The candidates' presentations were made before a panel of experts on 22 and 23 November, and were approved. The dissertations were part of the managers' participation in the second cycle of UNCTAD's TrainForTrade Port Training Programme in the United Republic of Tanzania. Five of the graduates are women.
The Port Training Programme supports port communities in developing countries in establishing efficient and competitive services. The programme lasts for 18 to 24 months, and consists of 240 hours of in-class training, port visits, and a final dissertation.
The in-class training is divided into eight modules, which examine all aspects of managing a modern port.
The port visits allow the participants to examine the inner workings of ports and to identify opportunities for improvement.
The final dissertation tests their abilities at applying what they have learned. Candidates must analyse a concrete problem faced by a port community, and propose feasible solutions. For example, the top participant in the programme, Mr. Makiri M. F. Ngangaji, the Business Development Officer of the Tanzania Ports Authority, analysed empirical evidence from Dar es Salaam Port to assess the effects of crane allocation on ship turnaround times.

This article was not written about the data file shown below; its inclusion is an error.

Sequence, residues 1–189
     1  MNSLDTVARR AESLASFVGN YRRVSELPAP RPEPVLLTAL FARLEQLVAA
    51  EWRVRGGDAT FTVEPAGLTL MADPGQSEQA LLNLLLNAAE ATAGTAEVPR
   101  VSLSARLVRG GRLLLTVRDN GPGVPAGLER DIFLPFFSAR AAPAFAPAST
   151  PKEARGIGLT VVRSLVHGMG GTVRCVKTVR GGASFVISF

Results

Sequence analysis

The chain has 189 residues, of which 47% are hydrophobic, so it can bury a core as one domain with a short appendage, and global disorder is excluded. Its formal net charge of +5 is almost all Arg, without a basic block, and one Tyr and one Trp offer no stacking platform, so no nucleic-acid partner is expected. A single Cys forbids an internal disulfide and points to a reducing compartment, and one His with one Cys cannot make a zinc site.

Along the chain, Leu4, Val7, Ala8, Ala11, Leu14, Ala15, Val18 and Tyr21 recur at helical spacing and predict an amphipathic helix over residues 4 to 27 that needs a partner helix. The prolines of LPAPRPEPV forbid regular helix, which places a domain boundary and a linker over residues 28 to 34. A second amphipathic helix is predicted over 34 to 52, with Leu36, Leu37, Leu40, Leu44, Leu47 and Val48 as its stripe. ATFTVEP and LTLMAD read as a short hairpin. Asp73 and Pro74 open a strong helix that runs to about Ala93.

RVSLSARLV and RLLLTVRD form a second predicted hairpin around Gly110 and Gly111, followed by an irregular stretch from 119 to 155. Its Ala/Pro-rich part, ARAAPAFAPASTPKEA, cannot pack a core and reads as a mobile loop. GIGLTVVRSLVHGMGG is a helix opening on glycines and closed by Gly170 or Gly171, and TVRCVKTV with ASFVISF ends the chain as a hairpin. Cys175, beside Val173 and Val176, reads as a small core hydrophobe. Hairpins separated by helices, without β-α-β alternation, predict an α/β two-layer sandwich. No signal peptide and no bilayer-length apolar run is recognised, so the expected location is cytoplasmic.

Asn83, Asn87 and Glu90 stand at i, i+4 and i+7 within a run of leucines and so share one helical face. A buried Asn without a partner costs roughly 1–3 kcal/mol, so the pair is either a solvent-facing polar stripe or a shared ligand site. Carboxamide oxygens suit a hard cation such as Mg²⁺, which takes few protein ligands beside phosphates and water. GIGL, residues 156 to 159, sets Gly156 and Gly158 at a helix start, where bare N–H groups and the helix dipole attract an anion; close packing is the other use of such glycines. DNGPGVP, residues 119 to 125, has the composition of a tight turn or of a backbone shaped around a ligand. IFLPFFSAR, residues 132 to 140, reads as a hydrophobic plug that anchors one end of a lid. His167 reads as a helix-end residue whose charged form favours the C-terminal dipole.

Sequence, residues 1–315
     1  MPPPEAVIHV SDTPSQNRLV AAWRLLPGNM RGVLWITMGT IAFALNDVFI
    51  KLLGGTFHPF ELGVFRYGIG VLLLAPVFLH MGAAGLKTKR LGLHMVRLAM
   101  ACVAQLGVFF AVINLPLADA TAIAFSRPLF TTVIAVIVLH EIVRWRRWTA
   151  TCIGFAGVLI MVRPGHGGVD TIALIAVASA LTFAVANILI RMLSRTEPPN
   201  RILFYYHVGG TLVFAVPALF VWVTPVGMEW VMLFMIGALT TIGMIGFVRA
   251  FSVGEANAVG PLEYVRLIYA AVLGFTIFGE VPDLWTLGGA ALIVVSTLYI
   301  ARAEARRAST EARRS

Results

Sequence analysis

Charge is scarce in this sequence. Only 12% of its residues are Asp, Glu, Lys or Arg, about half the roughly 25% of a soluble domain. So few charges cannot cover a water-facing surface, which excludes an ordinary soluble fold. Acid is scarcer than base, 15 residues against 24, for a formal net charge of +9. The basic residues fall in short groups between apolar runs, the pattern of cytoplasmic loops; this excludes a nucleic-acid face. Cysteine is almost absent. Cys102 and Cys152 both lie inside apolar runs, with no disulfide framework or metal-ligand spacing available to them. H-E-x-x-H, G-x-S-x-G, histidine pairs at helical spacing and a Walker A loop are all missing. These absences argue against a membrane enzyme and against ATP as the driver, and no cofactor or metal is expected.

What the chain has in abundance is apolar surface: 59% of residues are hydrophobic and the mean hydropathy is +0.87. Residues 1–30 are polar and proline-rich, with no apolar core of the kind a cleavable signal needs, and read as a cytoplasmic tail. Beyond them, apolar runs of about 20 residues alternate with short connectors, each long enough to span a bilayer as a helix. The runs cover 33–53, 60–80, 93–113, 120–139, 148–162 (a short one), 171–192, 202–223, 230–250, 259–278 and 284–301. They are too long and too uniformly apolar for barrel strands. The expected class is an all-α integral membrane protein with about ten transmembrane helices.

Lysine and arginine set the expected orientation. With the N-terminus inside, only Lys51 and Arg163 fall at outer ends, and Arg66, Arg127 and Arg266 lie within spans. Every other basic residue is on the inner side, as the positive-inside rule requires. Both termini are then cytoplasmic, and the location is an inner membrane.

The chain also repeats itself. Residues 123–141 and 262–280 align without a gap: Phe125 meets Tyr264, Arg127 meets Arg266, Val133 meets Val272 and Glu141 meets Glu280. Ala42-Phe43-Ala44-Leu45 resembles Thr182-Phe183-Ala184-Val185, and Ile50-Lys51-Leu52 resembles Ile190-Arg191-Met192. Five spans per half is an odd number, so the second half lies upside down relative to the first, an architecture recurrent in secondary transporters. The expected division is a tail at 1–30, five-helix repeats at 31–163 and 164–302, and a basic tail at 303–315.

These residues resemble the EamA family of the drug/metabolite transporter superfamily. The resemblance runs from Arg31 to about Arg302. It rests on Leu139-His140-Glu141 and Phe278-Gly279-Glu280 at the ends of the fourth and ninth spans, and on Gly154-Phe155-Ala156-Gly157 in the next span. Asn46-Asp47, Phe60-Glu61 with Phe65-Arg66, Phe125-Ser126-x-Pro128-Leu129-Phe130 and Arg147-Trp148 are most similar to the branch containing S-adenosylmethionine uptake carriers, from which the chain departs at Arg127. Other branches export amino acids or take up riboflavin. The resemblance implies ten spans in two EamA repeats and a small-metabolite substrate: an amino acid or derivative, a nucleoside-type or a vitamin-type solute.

The Embassy of Ireland in the United Republic of Tanzania hosted the awards ceremony, which was held at the residence of the Ambassador. Irish Aid, Ireland's development agency, helps finance the English-speaking network of the port training programme. Support for the programme is also provided by the Dublin Port Company and the Port of Cork, and by Belfast Harbour Commissioners.
Ambassador Gilsenan awarding the Modern Port Management Certificate
At the ceremony, Ms. Fionnuala Gilsenan, Ambassador of Ireland to the United Republic of Tanzania, stressed the importance of the programme, as well as the importance of Dar es Salaam Port to the economic development of the United Republic of Tanzania and to the economies of the landlocked countries that depend on the port for seaborne trade. She highlighted Irish Aid's commitment to the programme as part of its strategy for supporting sustainable development in the United Republic of Tanzania.
Ms. Winnie Paul Mulindwa, Assistant Port Manager of Dar es Salaam Port, drew attention to the positive impact that the programme had already had. A graduate of the first training cycle held in the United Republic of Tanzania, she said that the training she had received had been crucial in preparing her to move into her current position and to assume greater responsibility for port operations.
Mr. Mark Assaf, Officer-in-Charge of UNCTAD's Human Resources Development/ TrainForTrade Section, congratulated the graduates, and two representatives from the Dublin Port Company presented individual awards to the two participants with the highest final scores. In addition, Tanzanian-based representatives from the Delegation of the European Union and the Embassy of the Netherlands were present.
UNCTAD's Port Training Programme also operates through French- , Spanish- and Portuguese-speaking networks.